ALISON STEWART, host:
For this edition of The Week in Iraq, we wanted to get you the facts behind the military stop-loss policy, the subject of a new movie of the same name, due in theaters today.
(Soundbite of movie "Stop Loss")
Unidentified Actor: It's says here you have orders to report to the First Brigade.
Mr. RYAN PHILLIPPE: (As Sergeant Brandon King) Not me. I'm getting out today.
Unidentified Actor: Brandon Leonard King?
Mr. PHILLIPPE: (As Sergeant Brandon King) Yes.
Unidentified Actor: Out to the First Brigade on the 22nd.
Mr. PHILLIPPE: (As Sergeant Brandon King) This is a mistake.
Unidentified Actor: It's all there. You leave on the 22nd, shipping back to Iraq, subsection 1-2-3-0-5 title 10, on the authority of the president. You've been stop-lost.
STEWART: The film dramatizes the effects of these involuntary extensions. The policy was actually put in place back during Vietnam and has been applied to the current conflict in Iraq. We'll get a review of the film in just a minute. But if you're going to see the movie, or even if you've seen the trailer you know that it's a stylized account with a political point of view. So before you head to the multiplex, we want to arm you with the facts about "Stop Loss." Joining us is Ann Scott Tyson, a military reporter for the Washington Post. Hi, Ann.
Ms. ANN SCOTT TYSON (Reporter, Washington Post): Hi, there.
STEWART: So, let me start with the basics. Kind of, I gave a glossed over version of what stop-loss is. Could you explain it to us clearly?
Ms. TYSON: Yes. It's a program that allows all the military services to keep individuals on active duty beyond what's called their "date of separation," the date upon which they could leave or retire.
STEWART: How much longer can they be kept? ..TEXT: Ms. TYSON: Well, that is determined - that can be determined by the policy. There are two ways that it tends to be used and it has been recently used during the wars in Iraq and Afghanistan. One is to retain people that have special skills, skills that are in short supply, that are highly demanded, perhaps special forces, intelligence people, people with all sorts of technical skills also.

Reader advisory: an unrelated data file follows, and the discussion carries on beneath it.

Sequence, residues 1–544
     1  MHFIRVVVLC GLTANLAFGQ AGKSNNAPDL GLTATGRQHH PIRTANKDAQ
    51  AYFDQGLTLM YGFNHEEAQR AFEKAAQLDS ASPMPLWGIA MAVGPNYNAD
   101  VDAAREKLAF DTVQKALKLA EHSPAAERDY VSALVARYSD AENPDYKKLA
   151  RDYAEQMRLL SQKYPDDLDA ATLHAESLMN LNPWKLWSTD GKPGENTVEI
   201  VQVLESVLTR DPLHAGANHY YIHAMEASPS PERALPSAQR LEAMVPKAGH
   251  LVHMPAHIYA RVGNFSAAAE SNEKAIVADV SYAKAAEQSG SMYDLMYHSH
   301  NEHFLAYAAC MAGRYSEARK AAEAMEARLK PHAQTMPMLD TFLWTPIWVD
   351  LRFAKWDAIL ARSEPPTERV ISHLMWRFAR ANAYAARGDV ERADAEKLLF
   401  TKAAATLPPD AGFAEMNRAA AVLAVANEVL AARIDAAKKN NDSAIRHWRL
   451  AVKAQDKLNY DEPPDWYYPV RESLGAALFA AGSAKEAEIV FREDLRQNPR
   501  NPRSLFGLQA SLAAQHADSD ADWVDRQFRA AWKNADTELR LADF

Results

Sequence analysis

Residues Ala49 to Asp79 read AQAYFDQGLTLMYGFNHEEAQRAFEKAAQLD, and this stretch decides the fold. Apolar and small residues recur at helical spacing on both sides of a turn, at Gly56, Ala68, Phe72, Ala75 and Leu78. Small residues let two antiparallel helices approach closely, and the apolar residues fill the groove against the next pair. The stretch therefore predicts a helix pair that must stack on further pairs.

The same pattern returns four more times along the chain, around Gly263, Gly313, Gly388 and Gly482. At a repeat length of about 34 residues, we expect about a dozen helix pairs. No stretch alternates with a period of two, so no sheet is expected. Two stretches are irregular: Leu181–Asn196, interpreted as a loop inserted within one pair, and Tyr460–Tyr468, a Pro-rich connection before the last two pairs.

Another way it's been used has been in a blanket fashion, to keep units together that are rotating over to these war zones. And in that case, currently, everyone is stop-lost in the Army at least 90 days before the unit leaves until 90 days after it comes back.
STEWART: And when did the stop-loss policy - when was it applied to the current conflict in Iraq?
Ms. TYSON: Well, it started in 2001. In September 2001, Don Rumsfeld, defense secretary, decided to start using the authority. In that time it was used more for the specialized skills. Then, after the Iraq war, in the fall of 2003, they started using it in a more blanket fashion for the Army units. Actually, I believe that started in January. They announced it, and it actually started in January '04. And that continues until today. And about several thousand people in the Army are currently affected by it.
STEWART: What was the reason given in January to apply the stop-loss?
Ms. TYSON: Well, they - again, they needed to keep these units together so that they could train part of the - there were other changes going on the Army to create what they called modular brigades that were sort of standardized. And they also wanted to try to keep people with their units anyway, for about three years, so that they would maintain this cohesion.
They wouldn't have people constantly coming and going. And they didn't want, you know, to have people sort of trained up together, and then have them leaving shortly before the unit was to deploy, because, you know, they simply couldn't get people to fill those slots.
STEWART: Now, the U.S. abolished the draft in 1973, yet some politicians have called the stop-loss policy a, quote, "backdoor draft," most notably Vietnam vet John Kerry during his run for the presidency in '04. Is "backdoor draft" a fair description? Or a political term?
Ms. TYSON: Well, I mean, all of the people currently in the military - it is a volunteer force, so they have volunteered to serve, but they haven't volunteered to serve for that long, necessarily. So it's sort of in a grey area, I suppose. I mean, these people aren't draftees. But clearly - and I've met many people in this situation - they would have been about to get out and then they're stop-lost, so they have to do like a whole another tour.
That could be a life or death situation, obviously. And it can be a significant extension of their service, especially now. You have 15-month tours, so you add, you know, 90 days onto the front and back of that. You know, and if you get stop-lost you know, right before you were about to get out, you're talking about, you know, a year - two years more of service that you didn't count on.
STEWART: And I have to imagine the impact that can be felt in the families at home, who thought people were coming home.
Ms. TYSON: Oh, absolutely. I mean, I think for the families it's all about the separation and deployments, and you know, again, while many may be supportive, these unanticipated changes - I mean, either a sudden stop-loss or you know, extension of a tour, can be really devastating for the families. I think, I mean, one maybe positive thing about this is that it is blanket right now, and it is predictable. People know that it's going to happen, so there's sort of a resignation about it.
STEWART: Ann Scott Tyson is a military reporter for the Washington Post. Hey, Ann, thank you so much for explaining it to us.
Ms. TYSON: My pleasure.
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